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29 of 30 Thomas F. Green Syracuse University Aimee Howley Ohio University Craig B. Howley Appalachia Educational Laboratory William Hunter University of Ontario Institute ofTechnology Patricia Fey Jarvis Seattle, Washington Daniel Kalls Ume University Benjamin Levin University of Manitoba Thomas Mauhs-Pugh Green Mountain College Les McLean University of Toronto Heinrich Mintrop University of California, Los Angeles Michele Moses Arizona State University Gary Orfield Harvard University Anthony G. Rud Jr. Purdue University Jay Paredes Scribner University of Missouri Michael Scriven University of Auckland Lorrie A. Shepard University of Colorado, Boulder Robert E. Stake University of Illinois—UC Kevin Welner University of Colorado, Boulder Terrence G. Wiley Arizona State University John Willinsky University of British ColumbiaEPAA Spanish and Portuguese Language Editorial BoardAssociate Editors for Spanish & Portuguese Gustavo E. Fischman Arizona State Universityfischman@asu.eduPablo Gentili Laboratrio de Polticas Pblicas Universidade do Estado do Rio de Janeiro pablo@lpp-uerj.netFounding Associate Editor for Spanish Language (199 8-2003) Roberto Rodrguez Gmez Universidad Nacional Autnoma de Mxico Adrin Acosta (Mxico) Universidad de Guadalajaraadrianacosta@compuserve.com J. Flix Angulo Rasco (Spain) Universidad de Cdizfelix.angulo@uca.es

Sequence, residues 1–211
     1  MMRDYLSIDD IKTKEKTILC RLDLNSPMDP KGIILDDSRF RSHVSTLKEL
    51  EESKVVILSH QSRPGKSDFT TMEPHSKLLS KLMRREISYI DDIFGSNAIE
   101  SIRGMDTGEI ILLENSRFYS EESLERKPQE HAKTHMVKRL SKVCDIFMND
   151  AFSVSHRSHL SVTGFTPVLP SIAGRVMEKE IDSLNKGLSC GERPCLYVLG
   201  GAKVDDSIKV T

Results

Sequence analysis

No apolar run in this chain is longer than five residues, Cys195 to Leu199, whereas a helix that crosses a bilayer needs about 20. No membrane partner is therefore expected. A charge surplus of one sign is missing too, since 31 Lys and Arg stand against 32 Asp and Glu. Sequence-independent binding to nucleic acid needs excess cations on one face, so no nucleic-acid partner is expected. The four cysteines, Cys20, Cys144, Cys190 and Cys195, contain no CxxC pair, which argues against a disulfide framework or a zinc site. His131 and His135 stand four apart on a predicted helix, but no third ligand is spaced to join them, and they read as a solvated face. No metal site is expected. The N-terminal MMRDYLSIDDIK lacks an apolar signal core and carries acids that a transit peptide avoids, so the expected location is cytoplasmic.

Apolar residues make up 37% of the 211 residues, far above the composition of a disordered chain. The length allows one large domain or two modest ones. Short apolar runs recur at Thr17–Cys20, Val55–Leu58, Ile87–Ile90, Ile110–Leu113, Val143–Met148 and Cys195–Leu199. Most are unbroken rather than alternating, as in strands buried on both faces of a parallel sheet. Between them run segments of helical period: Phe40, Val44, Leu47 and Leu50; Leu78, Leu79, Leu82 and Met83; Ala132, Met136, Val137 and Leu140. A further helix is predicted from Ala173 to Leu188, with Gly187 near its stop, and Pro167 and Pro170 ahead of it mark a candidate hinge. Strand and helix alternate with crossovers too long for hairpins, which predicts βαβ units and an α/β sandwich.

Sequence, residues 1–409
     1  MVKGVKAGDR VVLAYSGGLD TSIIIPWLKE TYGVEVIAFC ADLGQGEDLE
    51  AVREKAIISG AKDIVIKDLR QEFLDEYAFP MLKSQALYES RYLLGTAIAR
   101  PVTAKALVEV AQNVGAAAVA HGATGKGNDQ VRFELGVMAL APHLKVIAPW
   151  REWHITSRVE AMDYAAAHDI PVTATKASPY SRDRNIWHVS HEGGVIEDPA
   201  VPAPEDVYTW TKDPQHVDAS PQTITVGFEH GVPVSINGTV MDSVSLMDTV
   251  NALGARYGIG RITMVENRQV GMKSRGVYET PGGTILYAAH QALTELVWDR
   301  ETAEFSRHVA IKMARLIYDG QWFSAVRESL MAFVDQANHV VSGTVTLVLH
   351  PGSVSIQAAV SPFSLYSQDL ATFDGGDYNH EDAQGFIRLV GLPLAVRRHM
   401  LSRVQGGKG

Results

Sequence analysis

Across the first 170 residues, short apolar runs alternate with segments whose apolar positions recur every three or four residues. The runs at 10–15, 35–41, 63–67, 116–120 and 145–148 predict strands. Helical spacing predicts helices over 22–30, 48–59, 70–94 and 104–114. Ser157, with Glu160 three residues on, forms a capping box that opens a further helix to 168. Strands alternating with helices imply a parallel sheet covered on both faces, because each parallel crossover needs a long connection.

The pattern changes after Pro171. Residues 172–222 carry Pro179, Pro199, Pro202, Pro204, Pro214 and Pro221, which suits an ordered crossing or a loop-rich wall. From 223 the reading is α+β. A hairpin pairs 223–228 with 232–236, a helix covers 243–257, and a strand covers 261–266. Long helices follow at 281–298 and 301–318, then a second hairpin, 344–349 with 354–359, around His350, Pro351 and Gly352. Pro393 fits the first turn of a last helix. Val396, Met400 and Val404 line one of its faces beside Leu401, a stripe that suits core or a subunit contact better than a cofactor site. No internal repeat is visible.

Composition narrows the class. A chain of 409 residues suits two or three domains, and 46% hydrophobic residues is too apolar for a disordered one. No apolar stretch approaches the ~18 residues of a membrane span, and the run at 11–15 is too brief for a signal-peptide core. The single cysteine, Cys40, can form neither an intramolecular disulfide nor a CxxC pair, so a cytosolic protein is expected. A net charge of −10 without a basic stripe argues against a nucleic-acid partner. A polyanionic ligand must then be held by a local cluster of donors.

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30 of 30 Teresa Bracho (Mxico) Centro de Investigacin y DocenciaEconmica-CIDEbracho dis1.cide.mx Alejandro Canales (Mxico) Universidad Nacional Autnoma deMxicocanalesa@servidor.unam.mx Ursula Casanova (U.S.A.) Arizona State Universitycasanova@asu.edu Jos Contreras Domingo Universitat de Barcelona Jose.Contreras@doe.d5.ub.es Erwin Epstein (U.S.A.) Loyola University of ChicagoEepstein@luc.edu Josu Gonzlez (U.S.A.) Arizona State Universityjosue@asu.edu Rollin Kent (Mxico) Universidad Autnoma de Puebla rkent@puebla.megared.net.mx Mara Beatriz Luce (Brazil) Universidad Federal de Rio Grande do Sul-UFRGSlucemb@orion.ufrgs.br Javier Mendoza Rojas (Mxico)Universidad Nacional Autnoma deMxicojaviermr@servidor.unam.mx Marcela Mollis (Argentina)Universidad de Buenos Airesmmollis@filo.uba.ar Humberto Muoz Garca (Mxico) Universidad Nacional Autnoma deMxicohumberto@servidor.unam.mx Angel Ignacio Prez Gmez (Spain)Universidad de Mlagaaiperez@uma.es DanielSchugurensky (Argentina-Canad) OISE/UT, Canadadschugurensky@oise.utoronto.ca Simon Schwartzman (Brazil) American Institutes forResesarch–Brazil (AIRBrasil) simon@sman.com.br Jurjo Torres Santom (Spain) Universidad de A Coruajurjo@udc.es Carlos Alberto Torres (U.S.A.) University of California, Los Angelestorres@gseisucla.edu EPAA is published by the Education Policy Studies Laboratory, Arizona State University